During the 1980s, I witnessed the momentous events in Poland from afar and worked with human rights groups to lend support to pro-democracy activists. By 1988, I prepared for my first research visit to Poland to examine Solidarity’s gender dynamics. What stood out was that Solidarity was a democratic movement that did not advocate gender equality.

In mid-November of 2020 I participated in a roundtable at the annual conference of the Association of Slavic, East European and Eurasian Studies (ASEEES) on the theme, “Polish Solidarity: A Glorious Revolution and its Unexpectedly Tortuous Aftermath.” Joining me virtually were Timothy Garton Ash, Ireneusz Krzeminski, Jan Kubik, and David Ost. We were to reflect on the trajectory of this once enormous social movement in the post-communist reality. I, in particular, was invited to reflect on my work initiated by Solidarity’s Secret: The Women Who Defeated Communism in Poland, which I had published in 2005 and again in 2014. By the time of the academic roundtable, the world was riveted on the third, exhilarating week of wildly audacious, feminist-initiated, grassroots nationwide demonstrations across Poland in support of reproductive rights, democratic rule of law and separation of state and church. The euphoria of revolution was palpable.

February 3, 2021 - Shana Penn

The Galicia Jewish museum’s permanent exhibition. From Kraków to Japan

The exhibition, "Traces of memory. A contemporary look at the Jewish past in Poland", offers a completely new look at the Jewish past in Poland. It includes several unique features that distinguishes it from other exhibitions dealing with Jewish Poland and the Holocaust, making this project truly remarkable.

December 16, 2020 - The Galicia Jewish Museum

The fleeting memory of December 1970

In December 1970 violent riots broke out in the Polish cities of Szczecin and Gdynia, while in Gdańsk strikers surrounded the seat of the Polish United Workers’ Party. Clashes with militia erupted and the central committee of the communist party decided to brutally quell the rebellion. These events became an important founding myth for the struggle against the communist authorities. Fifty years later, how are these events remembered?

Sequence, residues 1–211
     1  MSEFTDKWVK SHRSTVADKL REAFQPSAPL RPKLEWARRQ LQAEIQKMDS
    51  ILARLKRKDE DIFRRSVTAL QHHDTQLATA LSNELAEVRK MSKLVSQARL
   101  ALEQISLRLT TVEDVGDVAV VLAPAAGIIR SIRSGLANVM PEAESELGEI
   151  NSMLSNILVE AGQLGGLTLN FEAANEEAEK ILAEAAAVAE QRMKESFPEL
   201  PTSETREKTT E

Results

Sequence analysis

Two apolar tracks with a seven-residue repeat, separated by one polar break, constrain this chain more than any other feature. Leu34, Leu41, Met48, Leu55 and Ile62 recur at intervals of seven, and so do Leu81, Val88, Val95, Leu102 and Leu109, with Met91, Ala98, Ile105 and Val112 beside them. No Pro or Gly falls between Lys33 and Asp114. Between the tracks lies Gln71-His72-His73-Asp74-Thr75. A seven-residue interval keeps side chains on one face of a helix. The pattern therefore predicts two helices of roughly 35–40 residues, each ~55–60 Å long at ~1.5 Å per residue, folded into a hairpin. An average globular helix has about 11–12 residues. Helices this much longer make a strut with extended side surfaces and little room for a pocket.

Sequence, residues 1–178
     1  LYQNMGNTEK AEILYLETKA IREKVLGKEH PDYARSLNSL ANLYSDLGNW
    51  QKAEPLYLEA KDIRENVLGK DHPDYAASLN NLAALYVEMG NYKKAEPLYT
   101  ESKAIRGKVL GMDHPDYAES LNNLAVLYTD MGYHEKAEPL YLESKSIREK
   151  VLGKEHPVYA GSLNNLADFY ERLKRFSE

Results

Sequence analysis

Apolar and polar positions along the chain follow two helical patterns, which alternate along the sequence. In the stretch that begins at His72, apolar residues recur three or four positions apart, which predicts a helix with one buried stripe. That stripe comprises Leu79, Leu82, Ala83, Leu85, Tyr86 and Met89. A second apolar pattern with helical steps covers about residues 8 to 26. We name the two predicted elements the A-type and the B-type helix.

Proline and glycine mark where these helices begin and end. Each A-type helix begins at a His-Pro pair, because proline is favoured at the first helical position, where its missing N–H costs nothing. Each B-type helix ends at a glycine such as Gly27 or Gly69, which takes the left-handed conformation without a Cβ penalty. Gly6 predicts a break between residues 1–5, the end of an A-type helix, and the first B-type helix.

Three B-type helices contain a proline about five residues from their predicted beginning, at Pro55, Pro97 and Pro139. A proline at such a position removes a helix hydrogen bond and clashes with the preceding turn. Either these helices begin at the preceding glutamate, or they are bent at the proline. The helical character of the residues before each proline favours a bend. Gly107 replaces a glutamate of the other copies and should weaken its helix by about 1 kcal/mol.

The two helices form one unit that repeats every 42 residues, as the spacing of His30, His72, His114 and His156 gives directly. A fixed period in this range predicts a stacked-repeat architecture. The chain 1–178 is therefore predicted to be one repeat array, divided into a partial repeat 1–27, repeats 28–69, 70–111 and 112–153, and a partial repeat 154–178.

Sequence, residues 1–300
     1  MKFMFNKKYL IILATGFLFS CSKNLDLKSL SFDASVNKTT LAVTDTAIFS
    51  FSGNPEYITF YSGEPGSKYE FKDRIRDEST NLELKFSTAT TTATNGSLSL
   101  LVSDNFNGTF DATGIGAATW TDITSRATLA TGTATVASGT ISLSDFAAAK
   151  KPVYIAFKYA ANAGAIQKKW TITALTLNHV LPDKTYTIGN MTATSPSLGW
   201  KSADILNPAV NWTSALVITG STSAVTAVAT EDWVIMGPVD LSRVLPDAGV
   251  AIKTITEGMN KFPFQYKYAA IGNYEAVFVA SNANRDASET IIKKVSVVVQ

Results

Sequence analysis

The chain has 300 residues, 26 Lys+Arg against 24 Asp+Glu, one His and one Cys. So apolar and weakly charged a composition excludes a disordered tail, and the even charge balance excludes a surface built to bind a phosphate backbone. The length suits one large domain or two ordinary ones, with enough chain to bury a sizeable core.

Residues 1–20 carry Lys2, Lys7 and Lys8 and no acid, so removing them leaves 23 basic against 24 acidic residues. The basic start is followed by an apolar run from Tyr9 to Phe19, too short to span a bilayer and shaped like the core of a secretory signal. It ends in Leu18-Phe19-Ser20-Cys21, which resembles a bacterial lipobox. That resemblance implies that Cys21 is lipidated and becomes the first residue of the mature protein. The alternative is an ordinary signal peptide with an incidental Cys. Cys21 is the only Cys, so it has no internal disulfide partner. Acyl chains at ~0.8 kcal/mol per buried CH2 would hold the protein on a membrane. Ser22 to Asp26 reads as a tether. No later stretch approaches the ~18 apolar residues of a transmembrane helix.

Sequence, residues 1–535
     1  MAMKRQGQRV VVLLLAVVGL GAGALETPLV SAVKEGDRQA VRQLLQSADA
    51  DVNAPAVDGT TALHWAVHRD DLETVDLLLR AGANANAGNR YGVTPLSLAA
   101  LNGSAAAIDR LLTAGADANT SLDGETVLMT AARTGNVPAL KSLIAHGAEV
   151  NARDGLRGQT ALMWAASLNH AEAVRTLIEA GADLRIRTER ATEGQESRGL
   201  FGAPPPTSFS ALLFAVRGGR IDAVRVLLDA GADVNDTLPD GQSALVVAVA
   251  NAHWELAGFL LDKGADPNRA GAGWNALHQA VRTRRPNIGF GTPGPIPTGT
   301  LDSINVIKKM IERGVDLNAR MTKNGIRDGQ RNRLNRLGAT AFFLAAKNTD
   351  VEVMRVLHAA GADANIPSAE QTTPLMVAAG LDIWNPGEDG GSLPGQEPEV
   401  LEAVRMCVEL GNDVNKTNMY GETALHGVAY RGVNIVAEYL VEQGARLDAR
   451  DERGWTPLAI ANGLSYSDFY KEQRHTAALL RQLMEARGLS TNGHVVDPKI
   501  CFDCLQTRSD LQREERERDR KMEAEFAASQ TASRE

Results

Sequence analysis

In December 1970, 14 years had passed since Wiesław Gomułka became the first secretary of the communist party in the People’s Republic of Poland. At that time, both the thaw of 1956, which allowed Gomułka to return to power, and hope for reforms that he promised (the so-called Polish way to socialism) were already a fading memory. It was not the right moment for a nostalgic journey to the past. And with Christmas just around the corner, everyone was busy stockpiling goods that were hard to come by.

November 16, 2020 - Piotr Leszczyński

The challenge of commemoration. Cases from Poland and Germany

The Second World War remains one of the most painful and conflicting episodes of the European nations’ memories. Present conflicts are embedded in history and in the use of history as a political tool. The cases of Poland and Germany illustrate how challenging it can be to commemorate history, especially in a politicised environment.

In Poland during the communist period and until 1989, it was nearly impossible to openly talk about the Second World War. First, due to friendship with the Soviet Union and later, after the fall of communism, Poland was busy creating its own government, introducing the democratic culture and fighting with an economic crisis in order to transform the country it became between 1989 and 2000. After this period, history and commemoration events started to play a very important role for the national and political identity of the country. Like in other Central and Eastern European states, Poland is an example of how history is used as a political tool in the museum narratives and exhibition forms, which also trigger conflicts.

September 3, 2020 - Kristina Smolijaninovaitė